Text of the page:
In January this year, news broke that revered and reclusive designer Martin Margiela was to make a creative comeback as a visual artist after retiring from his namesake fashion house in 2008.
One of the most important designers of the last century, Belgian-born Margiela (b.1957) is worshipped for his transgressive approach to fashion, combining philosophies of both punk and minimalism, utilising postmodern artistic tropes such as bricolage and deconstructivism.
Iconic designs include a jumper constructed from stitched military socks, a waistcoat formed of broken plates attached by wire, and a top constructed from plastic grocery bags. His 1980s split-toe 'Tabi Boots', inspired by Japanese Jika-tabi working shoes, remain a sought after, cult classic accessory in the art world and beyond.
Margiela was also among the first fashion designers to combine second-hand fabric with new designs, pre-empting a sustainability-conscious approach to fashion and ecology through recycling. His radical designs are in museum collections and history books alike.
Surrounded by a cloud of mystery, Margiela has avoided revealing his face and has consciously distanced himself from the press, not wanting to overly clarify or explain his collections, instead asking viewers to take them at face value. However, in 2019, a feature-length documentary historicising his work, Martin Margiela: In His Own Words, was released to rave reviews.
Margiela is known for finding beauty in the unexpected. Although photographs of his artworks are yet to be revealed, initial press images—all grayscale—feature a plastic deodorant container, an empty Parisian advertising sign, and some street scaffolding, indicating this wabi-sabi philosophy of contingency will continue into his artistic practice.
In advance of the artist's works premiering in Paris at FIAC with Zeno X Gallery, as well as solo shows at Lafayette Anticipations, Fondation des Galeries Lafayette (20 October 2021–2 January 2022) and in Antwerp at Zeno X (Spring 2022), Ocula spoke with Frank Demaegd, founder of Margiela's representing gallery, about the artist's shift away from fashion.
How did the relationship between Martin Margiela and Zeno X Gallery begin?
I had never met Martin Margiela but had always been an admirer of the clothes that he designed. One day, Chris Dercon, a mutual friend and president of the Association of French National Museums-Grand Palais, invited me together with Herman Daled—the famous Belgian collector of Marcel Broodthaers—to go and see Martin's work.
There was a small studio presentation in Paris without the presence of the artist. Following our studio visit, we had our first meeting with Martin. Later, I visited Martin's studio to talk and see his work.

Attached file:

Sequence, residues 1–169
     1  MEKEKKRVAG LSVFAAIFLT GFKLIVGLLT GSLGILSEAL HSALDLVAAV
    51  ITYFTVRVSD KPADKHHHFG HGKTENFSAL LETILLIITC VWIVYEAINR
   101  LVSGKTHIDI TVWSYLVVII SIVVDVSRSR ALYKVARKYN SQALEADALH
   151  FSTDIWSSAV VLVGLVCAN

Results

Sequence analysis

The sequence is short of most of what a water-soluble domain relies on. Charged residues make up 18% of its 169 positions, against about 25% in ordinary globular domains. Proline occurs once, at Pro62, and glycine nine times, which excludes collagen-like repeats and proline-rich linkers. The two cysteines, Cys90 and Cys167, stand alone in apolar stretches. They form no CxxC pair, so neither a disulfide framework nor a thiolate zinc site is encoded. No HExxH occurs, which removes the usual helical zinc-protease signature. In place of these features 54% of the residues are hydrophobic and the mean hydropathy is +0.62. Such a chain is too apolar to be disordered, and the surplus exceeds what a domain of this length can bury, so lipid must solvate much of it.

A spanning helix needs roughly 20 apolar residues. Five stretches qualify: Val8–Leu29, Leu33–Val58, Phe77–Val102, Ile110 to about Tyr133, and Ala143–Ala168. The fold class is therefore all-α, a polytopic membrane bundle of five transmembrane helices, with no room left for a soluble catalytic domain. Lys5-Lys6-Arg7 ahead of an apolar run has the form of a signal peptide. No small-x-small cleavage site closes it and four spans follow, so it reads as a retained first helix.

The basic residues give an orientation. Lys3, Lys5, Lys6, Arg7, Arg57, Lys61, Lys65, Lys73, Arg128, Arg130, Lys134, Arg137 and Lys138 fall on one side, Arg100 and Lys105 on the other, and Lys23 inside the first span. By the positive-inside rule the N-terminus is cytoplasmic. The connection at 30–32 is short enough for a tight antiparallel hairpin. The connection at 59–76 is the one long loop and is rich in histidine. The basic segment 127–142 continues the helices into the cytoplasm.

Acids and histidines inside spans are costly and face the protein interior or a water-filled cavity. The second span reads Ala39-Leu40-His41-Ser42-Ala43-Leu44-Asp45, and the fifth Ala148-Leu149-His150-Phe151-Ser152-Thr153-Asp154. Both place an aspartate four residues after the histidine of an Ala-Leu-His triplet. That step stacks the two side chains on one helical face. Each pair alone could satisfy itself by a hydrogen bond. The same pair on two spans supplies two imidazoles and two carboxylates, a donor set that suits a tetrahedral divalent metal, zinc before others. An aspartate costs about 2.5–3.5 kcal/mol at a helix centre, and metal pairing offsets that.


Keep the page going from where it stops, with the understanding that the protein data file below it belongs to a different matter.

To be honest, I was blown away by the quality of his work. There was an impressive level of craftsmanship but also a unique sensitivity that he conveyed in these works, which could also be found in copies that he had made after Rembrandt and Antonello da Messina.
Martin also maintained an intense ongoing conversation with Daled and his partner Marit Stoerset, which included a visit to his private home in Brussels, built by painter, architect, and interior designer Henry Van de Velde. Sadly, Daled passed away last year.
Is Margiela's creative philosophy echoed in the practice of any other artists in your programme?
In one of our earliest conversations, Martin told me that he admired the work of Luc Tuymans, Marlene Dumas, and Dirk Braeckman. He also remembered clearly how Anne-Mie Van Kerckhoven was a remarkable figure and personality in Antwerp while he was studying at the Fashion Academy.
I never told any of my artists about our first meetings, but I was very happy to hear that several of them really enjoyed the recent documentary film Martin Margiela: In His Own Words. They told me that he was more of an artist than a fashion designer—even without being aware that we were in contact.
Margiela is known for finding beauty in the unexpected. For instance, the poster for his upcoming exhibition at Lafayette Anticipations even manages to transform a deodorant stick into a cool, machinated element of minimalist sculpture.
Will his upcoming exhibition continue this process of transformation? Will it respond to the architecture of the space itself?
Visitors will enter Lafayette Anticipations through the emergency exit, then immerse themselves in a labyrinthine show where works appear and disappear at various vantage points along the exhibition path.
The process of metamorphosis has always been important to Martin—he believes that objects are in a continual state of transformation, and he is intrigued by the inevitable process of degeneration; the traces of time.
I understand that Margiela started making artworks in 2009, although he has been illustrating for fashion design since the 1970s. Why was now the right time to begin exhibiting?
Lafayette Anticipations offered him a solo exhibition, and, for him, it was the perfect moment to show more than 40 unseen works. He has been creating this body of work for a period of 10 years and now feels ready to present them to audiences.
What is Margiela's current relationship with the fashion business in his own name?
There is no relationship between Martin and the house he created in 1988 and left in 2008.
Have collectors already expressed interest in acquiring the works?
Yes, we received a lot of interest following the announcement of our collaboration. However, we can only release the images of the artworks after his Lafayette Anticipations exhibition has opened. —[O]
Main image: Martin Margiela, Torso I, II, III (2018–2021). Courtesy Zeno X Gallery. Photo: Studio Shapiro.